May 22, 2011 at 11:56 (Biography, Book Reviews, Highly Rated Books, Theology) (, , , , )


Part autobiography and partly a treatise based on Psalm 27:4, this updated version of Bickle’s best-known book is occasionally repetitive, frequently digressive, but almost constantly simple, provocative and honest. Readers will find Bickle’s compulsive list-making distracting, but valuable for later reference. There are frequent and ready allusions to other books Bickle has written, and a rote-like regularity with which he belabours a hand full of key phrases. This book is written more than anything for regular and bite-sized reminders of key gospel doctrines, and while it does form a largely coherent train of thought, its foremost purpose is neither systematic nor comprehensive, but foundational and zealous.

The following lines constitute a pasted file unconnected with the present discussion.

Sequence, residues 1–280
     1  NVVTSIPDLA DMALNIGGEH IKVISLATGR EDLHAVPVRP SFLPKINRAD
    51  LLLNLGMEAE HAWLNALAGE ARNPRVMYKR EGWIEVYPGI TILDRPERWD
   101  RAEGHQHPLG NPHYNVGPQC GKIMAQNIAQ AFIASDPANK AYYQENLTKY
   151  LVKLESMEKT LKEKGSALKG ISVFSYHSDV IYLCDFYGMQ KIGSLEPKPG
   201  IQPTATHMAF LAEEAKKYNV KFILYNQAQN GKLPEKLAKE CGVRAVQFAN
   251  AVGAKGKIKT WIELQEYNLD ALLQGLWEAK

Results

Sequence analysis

Theologically Bickle remains orthodox throughout, although some of his more florid language does justify his regular asides, in which he is forced to repeatedly clarify some more esoteric passages. The chapters are thick with biblical citations and even the occasional third-party scholar or teacher, although this book is certainly a devotional rather than a scholarly tract. This book is essential for understanding Bickle’s general understanding of theology (and christology in particular), and an absolute prerequisite to reading his other writings.

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Rogue Squadron, by Michael A. Stackpole

May 21, 2011 at 16:52 (Book Reviews, Fiction, Highly Rated Books, Star Wars Saturday!) (, , , , , )